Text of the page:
Since 2004, the VISA, MasterCard, Discover, American Express and JCB driven Payment Card Industry – Data Security Standard (PCI-DSS) has encouraged the proper storage, processing, and transmission of credit card data. As the industry prepares for the next rendition, PCI DSS 3.0 due out later this year, this blog will review the material likely changes.
PCI-DSS updates use a three year cycle, providing time for review, comment, update, and adoption. PCI-DSS 3.0 categorizes changes as 1) clarifications toexisting requirements, 2) additional guidance for conforming to existing requirements, and 3) evolving or new requirements. PCI-DSS introduces many changes, but several themes emerge: a) “business as usual” approach, b) enhanced vendor management programs, c) improved secure coding practices, d) improved training and awareness and, e) operational changes. We will visit each in greater detail.
Security Should be Business as Usual
Business as usual hopes to entice PCI practitioners to view safeguarding credit card data as a data protection program, not a compliance activity. If successful, protecting cardholder data becomes part of the business model, not just activity a few weeks before the audit.
Service providers, it is broadly believed, are often the cause of data loss. DSS 3.0 includes enhanced 3rd party service provider due diligence and additional responsibilities for those vendors. Requiring additional security controls is hoped tohave a favorable effect on data breaches.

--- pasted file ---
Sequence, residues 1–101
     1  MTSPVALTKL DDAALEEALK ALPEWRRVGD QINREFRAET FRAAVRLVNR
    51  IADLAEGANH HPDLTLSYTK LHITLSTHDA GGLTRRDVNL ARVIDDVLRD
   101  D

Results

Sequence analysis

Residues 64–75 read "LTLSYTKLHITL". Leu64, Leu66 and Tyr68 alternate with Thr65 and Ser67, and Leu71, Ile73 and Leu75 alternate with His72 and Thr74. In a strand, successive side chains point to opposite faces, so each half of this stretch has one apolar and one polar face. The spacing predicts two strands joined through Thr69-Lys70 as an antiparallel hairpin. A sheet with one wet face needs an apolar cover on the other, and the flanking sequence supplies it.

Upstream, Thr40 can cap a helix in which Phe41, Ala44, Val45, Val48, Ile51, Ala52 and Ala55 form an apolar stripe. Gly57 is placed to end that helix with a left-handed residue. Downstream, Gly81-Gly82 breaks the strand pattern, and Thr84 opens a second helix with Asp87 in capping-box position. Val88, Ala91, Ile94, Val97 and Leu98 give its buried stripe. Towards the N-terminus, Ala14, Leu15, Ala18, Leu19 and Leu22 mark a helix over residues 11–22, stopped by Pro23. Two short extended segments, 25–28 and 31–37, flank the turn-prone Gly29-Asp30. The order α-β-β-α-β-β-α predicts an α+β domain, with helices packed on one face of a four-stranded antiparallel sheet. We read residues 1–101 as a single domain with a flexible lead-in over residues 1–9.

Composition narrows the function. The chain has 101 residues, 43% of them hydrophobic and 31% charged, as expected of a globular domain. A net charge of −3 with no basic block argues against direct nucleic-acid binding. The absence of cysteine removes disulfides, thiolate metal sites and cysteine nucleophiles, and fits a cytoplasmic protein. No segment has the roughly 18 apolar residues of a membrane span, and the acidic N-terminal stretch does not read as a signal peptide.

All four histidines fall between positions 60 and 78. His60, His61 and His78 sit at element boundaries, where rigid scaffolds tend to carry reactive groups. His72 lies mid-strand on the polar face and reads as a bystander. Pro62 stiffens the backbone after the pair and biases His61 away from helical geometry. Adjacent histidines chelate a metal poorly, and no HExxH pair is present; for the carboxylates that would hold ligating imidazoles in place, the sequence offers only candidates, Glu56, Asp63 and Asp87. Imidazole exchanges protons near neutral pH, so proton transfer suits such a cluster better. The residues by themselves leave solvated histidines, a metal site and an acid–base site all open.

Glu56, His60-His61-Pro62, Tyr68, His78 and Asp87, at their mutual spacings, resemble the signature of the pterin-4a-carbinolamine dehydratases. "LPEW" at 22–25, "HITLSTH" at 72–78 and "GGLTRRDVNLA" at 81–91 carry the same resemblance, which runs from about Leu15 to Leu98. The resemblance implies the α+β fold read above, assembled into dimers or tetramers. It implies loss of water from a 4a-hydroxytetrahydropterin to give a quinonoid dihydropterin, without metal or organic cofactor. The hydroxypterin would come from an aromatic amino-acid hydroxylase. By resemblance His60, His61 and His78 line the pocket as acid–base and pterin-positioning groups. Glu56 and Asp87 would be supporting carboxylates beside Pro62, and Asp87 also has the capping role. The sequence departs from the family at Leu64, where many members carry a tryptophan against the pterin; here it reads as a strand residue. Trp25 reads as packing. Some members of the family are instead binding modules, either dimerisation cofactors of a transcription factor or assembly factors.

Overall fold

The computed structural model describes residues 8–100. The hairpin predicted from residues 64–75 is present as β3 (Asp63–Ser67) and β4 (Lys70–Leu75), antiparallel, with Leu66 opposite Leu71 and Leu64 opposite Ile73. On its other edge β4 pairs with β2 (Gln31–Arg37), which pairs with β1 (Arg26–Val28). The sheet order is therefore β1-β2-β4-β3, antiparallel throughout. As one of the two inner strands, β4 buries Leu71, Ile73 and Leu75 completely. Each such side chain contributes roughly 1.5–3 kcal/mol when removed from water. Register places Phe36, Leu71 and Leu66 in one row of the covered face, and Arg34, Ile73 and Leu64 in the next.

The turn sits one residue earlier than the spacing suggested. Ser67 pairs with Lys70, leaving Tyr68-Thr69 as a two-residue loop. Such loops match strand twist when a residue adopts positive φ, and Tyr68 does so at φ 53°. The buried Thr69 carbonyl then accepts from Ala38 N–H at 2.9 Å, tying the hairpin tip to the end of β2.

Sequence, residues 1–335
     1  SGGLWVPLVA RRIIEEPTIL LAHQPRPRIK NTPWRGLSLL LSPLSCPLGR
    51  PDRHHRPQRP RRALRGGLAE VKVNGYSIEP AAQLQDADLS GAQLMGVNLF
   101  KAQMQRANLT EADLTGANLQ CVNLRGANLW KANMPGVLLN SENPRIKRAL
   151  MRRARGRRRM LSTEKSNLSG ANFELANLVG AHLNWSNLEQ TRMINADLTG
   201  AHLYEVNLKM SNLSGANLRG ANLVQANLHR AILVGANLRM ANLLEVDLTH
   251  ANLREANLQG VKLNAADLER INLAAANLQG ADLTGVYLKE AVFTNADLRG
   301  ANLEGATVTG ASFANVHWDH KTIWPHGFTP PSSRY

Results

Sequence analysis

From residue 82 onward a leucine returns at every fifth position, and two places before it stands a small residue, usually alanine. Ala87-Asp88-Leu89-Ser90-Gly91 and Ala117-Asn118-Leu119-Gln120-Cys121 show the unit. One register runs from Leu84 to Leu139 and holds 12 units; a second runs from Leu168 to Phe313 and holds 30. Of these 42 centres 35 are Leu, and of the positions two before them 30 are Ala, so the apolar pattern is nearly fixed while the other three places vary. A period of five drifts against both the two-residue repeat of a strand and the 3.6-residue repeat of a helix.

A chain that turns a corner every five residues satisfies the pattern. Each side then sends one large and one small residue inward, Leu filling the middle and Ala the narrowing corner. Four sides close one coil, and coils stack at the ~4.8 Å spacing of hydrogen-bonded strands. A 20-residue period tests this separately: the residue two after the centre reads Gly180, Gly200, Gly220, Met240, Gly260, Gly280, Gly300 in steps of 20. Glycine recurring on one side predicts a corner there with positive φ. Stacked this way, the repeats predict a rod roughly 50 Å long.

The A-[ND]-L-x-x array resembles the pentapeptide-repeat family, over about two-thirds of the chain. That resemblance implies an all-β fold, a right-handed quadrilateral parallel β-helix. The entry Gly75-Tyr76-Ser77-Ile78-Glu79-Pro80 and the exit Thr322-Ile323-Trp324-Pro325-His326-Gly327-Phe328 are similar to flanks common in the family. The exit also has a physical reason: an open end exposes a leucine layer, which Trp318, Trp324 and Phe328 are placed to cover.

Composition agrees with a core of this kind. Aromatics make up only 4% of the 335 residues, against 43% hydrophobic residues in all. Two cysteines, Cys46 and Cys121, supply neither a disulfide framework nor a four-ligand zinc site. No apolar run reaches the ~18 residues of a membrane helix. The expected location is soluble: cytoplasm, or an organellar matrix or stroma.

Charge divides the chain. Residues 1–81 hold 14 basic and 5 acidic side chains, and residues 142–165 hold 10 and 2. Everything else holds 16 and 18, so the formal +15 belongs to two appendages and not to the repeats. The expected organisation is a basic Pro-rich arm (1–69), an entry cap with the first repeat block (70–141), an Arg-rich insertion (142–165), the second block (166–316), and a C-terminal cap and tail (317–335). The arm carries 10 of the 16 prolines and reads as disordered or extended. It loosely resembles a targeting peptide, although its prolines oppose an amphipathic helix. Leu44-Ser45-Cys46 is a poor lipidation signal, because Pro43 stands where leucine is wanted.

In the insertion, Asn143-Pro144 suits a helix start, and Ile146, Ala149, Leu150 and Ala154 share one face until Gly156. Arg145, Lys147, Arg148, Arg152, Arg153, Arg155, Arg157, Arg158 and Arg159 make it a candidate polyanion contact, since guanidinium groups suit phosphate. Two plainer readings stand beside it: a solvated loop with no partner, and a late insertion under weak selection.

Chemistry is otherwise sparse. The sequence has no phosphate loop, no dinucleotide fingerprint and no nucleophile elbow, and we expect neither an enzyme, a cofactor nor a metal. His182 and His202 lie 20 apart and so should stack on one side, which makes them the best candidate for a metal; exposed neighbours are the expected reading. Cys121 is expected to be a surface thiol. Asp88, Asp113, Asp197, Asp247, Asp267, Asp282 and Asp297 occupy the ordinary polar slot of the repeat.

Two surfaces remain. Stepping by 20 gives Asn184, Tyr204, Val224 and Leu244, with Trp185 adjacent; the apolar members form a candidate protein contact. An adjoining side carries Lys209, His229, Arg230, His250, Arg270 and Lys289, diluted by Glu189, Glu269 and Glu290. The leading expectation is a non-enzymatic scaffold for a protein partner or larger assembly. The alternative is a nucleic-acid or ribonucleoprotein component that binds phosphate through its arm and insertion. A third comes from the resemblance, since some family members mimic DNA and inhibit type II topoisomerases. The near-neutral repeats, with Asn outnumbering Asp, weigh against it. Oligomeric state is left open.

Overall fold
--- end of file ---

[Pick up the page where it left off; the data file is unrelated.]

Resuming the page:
Secure Coding Practices
Secure coding practices continues to be an industry challenge. DSS 3.0 adds additional measures, such as restrictions on PAN/SAD data “stored” in memory, and separation of duty for developers.
Training and Awareness
Compliance programs will further leverage training and awareness. These education activities will include ongoing communications – emphasizing the “business as usual” paradigm. For example, weak default passwords continues to plague the industry, thus awareness around password length and complexity.
Operational changes will include ongoing business as usual control set validation, controls like more robust pentesting, enhanced logging requirements, and ongoing visual inspection of tamper resistant POS devices.
The new requirements themselves will not make cardholder data more secure. However, continued enforcement and adoption will result in more robust and effective data security programs. Ideally the industry will see DSS 3.0 not as more onerous compliance requirements, but as security program enhancements needed to better protect consumers’ credit card information.
To learn about all of the changes PCI-SSC will be introducing: https://www.pcisecuritystandards.org/documents/DSS_and_PA-DSS_Change_Highlights.pdf